Q5: Tell us a little about who your creative inspiration or mentor is and why?  This might be a favourite author or place to work.
Iona: I go to a local weekly writing group with friend my Lisa, led by Joss Musgrove Knibb. Joss’ tuition and every person there are creative inspirations for me. The exercises that we are challenged to do help us to find new abilities and ideas within ourselves and the variety and depth of writing that members create from the same brief amazes me. Our collective belief in the value and fulfilment of writing is very important to me, as I struggle sometimes to feel justified in spending my time writing whilst I am at the beginning of my journey, hoping that the steps I am taking now will earn me a credible reputation as a regularly published writer. I like books that teach me something or reflect my interests. I have just read ‘The Diary of a Young Girl’ by Anne Frank and ‘Anne Frank Remembered’ by Miep Gies. You cannot read these books without being truly moved. Before that I read ‘Earthly Joys’ by Philippa Gregory and enjoyed the historical accounts of gardening very much.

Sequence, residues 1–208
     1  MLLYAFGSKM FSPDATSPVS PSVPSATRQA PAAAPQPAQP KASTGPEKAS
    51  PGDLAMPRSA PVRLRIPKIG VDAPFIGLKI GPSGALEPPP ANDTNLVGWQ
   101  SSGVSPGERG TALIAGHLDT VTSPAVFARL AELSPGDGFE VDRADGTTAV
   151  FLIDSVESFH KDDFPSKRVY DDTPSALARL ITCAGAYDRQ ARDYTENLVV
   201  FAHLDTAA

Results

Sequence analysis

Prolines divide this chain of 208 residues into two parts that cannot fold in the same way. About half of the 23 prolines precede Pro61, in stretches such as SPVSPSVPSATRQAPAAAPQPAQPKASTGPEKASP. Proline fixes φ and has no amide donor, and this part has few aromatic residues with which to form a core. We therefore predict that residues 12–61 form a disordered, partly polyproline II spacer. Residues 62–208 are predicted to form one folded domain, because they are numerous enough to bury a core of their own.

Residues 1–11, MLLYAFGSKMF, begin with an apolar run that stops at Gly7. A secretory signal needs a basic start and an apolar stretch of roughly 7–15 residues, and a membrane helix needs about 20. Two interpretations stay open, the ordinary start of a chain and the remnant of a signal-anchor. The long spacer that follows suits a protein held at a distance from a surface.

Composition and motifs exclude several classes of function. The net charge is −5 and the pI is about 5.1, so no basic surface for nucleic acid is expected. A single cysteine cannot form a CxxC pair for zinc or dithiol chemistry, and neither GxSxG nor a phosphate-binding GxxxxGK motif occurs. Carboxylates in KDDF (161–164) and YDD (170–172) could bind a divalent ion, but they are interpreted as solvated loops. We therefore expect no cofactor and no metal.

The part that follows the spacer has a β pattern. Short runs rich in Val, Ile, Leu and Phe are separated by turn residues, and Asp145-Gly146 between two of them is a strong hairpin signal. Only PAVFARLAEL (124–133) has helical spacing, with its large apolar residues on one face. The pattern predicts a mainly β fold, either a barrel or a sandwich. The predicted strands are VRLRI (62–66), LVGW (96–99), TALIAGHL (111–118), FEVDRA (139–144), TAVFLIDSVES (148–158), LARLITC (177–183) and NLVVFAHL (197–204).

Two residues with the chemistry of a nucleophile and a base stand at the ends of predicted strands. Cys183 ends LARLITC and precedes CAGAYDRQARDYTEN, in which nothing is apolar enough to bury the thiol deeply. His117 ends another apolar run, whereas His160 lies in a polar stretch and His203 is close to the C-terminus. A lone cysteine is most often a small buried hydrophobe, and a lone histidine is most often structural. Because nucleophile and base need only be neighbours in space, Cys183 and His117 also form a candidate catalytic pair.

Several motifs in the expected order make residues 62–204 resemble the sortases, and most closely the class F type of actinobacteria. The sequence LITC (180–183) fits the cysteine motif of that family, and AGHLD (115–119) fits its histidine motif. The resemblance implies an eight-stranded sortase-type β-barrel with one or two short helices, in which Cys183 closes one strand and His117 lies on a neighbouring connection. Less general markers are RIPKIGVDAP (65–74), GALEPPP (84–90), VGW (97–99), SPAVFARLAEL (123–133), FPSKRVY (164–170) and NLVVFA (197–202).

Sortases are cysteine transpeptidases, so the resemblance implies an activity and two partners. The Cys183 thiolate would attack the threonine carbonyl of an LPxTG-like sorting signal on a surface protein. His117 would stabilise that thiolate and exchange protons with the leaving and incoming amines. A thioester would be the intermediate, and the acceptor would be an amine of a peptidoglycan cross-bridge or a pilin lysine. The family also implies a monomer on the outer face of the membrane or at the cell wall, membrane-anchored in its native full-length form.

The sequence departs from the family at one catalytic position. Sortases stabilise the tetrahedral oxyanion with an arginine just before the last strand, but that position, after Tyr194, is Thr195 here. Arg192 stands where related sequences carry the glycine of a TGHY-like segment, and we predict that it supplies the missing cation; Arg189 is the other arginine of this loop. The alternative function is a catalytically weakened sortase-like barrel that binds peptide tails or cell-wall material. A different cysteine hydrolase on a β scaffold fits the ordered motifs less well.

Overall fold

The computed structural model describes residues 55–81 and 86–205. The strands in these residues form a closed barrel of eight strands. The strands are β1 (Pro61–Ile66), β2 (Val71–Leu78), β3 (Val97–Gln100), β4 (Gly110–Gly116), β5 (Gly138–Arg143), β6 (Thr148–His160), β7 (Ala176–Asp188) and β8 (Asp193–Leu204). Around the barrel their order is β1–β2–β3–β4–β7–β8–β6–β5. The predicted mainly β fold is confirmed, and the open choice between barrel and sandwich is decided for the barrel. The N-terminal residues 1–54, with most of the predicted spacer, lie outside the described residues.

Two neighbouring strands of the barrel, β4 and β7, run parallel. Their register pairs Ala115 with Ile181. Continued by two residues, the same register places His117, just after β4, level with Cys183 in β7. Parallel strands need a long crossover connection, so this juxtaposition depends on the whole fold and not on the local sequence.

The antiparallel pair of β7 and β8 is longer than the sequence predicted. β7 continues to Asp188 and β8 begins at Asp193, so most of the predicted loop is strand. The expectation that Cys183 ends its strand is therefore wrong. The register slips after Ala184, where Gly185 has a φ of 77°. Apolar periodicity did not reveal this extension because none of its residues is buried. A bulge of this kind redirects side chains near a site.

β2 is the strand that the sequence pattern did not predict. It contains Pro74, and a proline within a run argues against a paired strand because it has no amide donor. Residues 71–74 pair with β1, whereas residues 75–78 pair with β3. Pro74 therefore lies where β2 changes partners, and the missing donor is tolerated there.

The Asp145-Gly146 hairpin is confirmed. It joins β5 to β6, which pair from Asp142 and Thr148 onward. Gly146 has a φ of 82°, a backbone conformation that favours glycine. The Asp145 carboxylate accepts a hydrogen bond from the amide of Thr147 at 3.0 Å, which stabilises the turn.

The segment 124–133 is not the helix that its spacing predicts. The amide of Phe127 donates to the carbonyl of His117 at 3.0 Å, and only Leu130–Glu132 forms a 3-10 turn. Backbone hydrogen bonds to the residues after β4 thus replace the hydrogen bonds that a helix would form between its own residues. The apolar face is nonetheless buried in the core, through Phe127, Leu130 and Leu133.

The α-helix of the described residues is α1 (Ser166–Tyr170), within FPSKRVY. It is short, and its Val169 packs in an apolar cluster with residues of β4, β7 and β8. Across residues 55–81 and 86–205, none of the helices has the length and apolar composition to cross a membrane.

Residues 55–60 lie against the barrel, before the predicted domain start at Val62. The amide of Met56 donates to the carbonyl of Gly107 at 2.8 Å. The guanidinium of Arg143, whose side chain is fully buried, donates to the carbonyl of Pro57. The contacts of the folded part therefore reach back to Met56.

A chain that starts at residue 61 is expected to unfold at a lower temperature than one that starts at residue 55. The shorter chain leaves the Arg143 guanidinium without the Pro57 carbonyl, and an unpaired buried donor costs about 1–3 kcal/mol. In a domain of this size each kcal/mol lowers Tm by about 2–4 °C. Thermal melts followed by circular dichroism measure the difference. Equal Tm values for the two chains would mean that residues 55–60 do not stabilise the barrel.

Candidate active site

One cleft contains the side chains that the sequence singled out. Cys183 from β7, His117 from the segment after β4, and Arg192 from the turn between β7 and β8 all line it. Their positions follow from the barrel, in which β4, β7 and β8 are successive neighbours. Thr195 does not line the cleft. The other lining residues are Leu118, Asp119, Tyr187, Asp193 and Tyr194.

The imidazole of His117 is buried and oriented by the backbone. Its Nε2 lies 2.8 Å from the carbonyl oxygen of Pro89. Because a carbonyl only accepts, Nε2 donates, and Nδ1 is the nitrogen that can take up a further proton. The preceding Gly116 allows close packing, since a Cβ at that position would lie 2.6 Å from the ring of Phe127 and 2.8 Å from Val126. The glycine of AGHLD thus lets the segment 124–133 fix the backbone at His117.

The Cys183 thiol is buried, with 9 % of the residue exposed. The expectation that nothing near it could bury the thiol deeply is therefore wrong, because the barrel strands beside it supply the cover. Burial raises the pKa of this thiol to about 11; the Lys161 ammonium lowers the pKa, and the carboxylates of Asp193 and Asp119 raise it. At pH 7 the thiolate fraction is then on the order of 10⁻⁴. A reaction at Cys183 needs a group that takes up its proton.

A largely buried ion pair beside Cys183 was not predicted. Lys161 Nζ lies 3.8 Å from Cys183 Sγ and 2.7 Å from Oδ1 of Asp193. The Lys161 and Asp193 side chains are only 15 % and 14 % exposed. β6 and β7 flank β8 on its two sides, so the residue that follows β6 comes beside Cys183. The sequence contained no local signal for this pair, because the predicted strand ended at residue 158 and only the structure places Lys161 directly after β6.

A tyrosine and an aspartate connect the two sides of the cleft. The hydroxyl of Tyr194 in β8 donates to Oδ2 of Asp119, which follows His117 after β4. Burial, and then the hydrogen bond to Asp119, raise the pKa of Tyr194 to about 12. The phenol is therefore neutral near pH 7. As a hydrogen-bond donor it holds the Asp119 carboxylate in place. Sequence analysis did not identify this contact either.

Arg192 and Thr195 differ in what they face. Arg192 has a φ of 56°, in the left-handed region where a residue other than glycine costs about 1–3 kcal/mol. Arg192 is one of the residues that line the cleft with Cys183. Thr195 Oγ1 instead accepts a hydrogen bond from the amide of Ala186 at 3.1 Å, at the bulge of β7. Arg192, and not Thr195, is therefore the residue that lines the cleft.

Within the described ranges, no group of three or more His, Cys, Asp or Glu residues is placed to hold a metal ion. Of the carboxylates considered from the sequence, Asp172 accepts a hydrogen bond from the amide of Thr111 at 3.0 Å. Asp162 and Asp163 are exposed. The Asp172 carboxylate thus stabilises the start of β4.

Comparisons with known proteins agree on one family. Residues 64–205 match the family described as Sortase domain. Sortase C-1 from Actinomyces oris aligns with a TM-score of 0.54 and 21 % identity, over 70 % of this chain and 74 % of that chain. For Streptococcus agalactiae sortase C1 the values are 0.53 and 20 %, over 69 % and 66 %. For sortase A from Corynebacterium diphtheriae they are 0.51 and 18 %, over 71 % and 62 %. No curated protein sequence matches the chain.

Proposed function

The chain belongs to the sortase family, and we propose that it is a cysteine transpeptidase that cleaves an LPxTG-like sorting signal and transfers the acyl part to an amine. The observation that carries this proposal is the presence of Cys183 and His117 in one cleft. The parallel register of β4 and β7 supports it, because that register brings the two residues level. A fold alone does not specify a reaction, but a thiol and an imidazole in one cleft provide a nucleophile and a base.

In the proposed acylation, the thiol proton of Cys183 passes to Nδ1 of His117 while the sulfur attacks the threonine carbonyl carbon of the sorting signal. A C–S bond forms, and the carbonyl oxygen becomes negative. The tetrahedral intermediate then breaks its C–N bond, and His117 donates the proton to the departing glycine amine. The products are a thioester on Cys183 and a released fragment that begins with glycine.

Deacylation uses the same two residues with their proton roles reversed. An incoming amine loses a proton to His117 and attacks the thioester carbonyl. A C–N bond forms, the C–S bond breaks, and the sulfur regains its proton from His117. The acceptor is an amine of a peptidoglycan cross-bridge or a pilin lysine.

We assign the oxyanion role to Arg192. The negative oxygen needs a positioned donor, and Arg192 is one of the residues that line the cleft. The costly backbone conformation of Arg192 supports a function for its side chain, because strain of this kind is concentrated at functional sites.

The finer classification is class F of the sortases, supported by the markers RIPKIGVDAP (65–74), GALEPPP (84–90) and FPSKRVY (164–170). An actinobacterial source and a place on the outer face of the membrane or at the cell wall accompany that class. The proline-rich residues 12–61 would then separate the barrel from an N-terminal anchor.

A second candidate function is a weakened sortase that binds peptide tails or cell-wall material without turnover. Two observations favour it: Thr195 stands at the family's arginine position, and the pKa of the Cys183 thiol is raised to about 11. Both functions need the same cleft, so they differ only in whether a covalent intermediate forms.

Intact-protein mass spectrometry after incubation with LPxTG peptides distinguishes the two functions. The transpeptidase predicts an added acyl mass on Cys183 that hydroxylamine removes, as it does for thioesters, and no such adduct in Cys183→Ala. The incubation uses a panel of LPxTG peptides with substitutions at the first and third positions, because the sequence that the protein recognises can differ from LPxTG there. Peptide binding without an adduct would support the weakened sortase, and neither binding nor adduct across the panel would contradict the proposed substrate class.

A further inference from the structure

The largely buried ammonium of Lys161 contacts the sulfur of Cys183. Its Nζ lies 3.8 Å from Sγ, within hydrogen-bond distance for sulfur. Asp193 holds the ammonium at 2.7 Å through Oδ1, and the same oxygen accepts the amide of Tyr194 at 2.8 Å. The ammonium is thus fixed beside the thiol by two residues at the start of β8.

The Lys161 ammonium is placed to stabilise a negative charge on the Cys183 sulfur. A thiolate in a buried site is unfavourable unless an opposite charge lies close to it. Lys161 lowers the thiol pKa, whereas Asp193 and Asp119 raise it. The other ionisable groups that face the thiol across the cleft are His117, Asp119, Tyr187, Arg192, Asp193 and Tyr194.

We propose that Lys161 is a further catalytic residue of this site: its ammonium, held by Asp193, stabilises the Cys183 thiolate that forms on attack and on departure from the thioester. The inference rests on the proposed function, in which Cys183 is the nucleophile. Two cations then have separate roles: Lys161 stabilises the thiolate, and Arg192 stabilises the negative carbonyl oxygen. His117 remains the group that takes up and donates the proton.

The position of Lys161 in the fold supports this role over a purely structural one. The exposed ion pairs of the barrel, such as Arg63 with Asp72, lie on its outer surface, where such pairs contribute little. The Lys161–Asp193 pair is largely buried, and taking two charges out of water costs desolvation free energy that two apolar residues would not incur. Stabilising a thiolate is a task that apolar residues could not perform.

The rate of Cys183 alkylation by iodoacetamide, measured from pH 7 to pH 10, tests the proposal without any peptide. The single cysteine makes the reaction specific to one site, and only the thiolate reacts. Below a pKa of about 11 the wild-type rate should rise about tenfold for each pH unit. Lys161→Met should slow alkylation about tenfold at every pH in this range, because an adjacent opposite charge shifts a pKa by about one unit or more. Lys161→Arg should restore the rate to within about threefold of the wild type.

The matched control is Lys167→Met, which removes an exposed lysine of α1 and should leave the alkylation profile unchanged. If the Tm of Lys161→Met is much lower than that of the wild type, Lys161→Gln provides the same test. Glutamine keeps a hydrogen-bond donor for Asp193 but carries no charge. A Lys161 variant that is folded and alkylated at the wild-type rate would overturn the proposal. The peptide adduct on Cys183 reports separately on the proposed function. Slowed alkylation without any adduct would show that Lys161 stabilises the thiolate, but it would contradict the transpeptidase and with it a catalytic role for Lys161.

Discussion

Q6) Does the place you live or are from inspire you in your work or life and if so how?
Iona: I live in Staffordshire, England. Anything I hear, see or experience at home or away seems to soak into my mind and be filed away to be recalled one day and feature in my writing. My children are a constant source of inspiration. Children can see the world simply and with a clarity that adults miss and so I always endeavour to hear their voices. My sister-in-law, Maggie, is blind. When I think of her and all that she has been through, I am inspired by her bravery, strength of character and quick-witted humour. As a Primary School Chair of Governors, I remember meetings to make our school inclusive and accessible for Ollie and his wheelchair. Maggie and Ollie both inspired my writing of ‘The All-Inclusive Club’.